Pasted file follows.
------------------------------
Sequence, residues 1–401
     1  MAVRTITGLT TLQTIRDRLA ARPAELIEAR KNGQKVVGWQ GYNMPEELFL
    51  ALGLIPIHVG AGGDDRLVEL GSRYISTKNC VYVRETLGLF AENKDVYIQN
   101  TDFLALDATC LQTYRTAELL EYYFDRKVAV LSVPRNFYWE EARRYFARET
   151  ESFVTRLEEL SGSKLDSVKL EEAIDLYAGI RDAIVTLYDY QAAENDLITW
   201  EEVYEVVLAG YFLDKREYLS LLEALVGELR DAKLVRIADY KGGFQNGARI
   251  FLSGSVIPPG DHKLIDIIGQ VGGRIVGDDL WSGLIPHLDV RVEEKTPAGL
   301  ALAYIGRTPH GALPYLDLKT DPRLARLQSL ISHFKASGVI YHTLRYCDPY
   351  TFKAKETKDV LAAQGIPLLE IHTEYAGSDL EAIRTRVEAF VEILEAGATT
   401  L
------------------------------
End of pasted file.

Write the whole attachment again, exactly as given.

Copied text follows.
Sequence, residues 1–401
     1  MAVRTITGLT TLQTIRDRLA ARPAELIEAR KNGQKVVGWQ GYNMPEELFL
    51  ALGLIPIHVG AGGDDRLVEL GSRYISTKNC VYVRETLGLF AENKDVYIQN
   101  TDFLALDATC LQTYRTAELL EYYFDRKVAV LSVPRNFYWE EARRYFARET
   151  ESFVTRLEEL SGSKLDSVKL EEAIDLYAGI RDAIVTLYDY QAAENDLITW
   201  EEVYEVVLAG YFLDKREYLS LLEALVGELR DAKLVRIADY KGGFQNGARI
   251  FLSGSVIPPG DHKLIDIIGQ VGGRIVGDDL WSGLIPHLDV RVEEKTPAGL
   301  ALAYIGRTPH GALPYLDLKT DPRLARLQSL ISHFKASGVI YHTLRYCDPY
   351  TFKAKETKDV LAAQGIPLLE IHTEYAGSDL EAIRTRVEAF VEILEAGATT
   401  L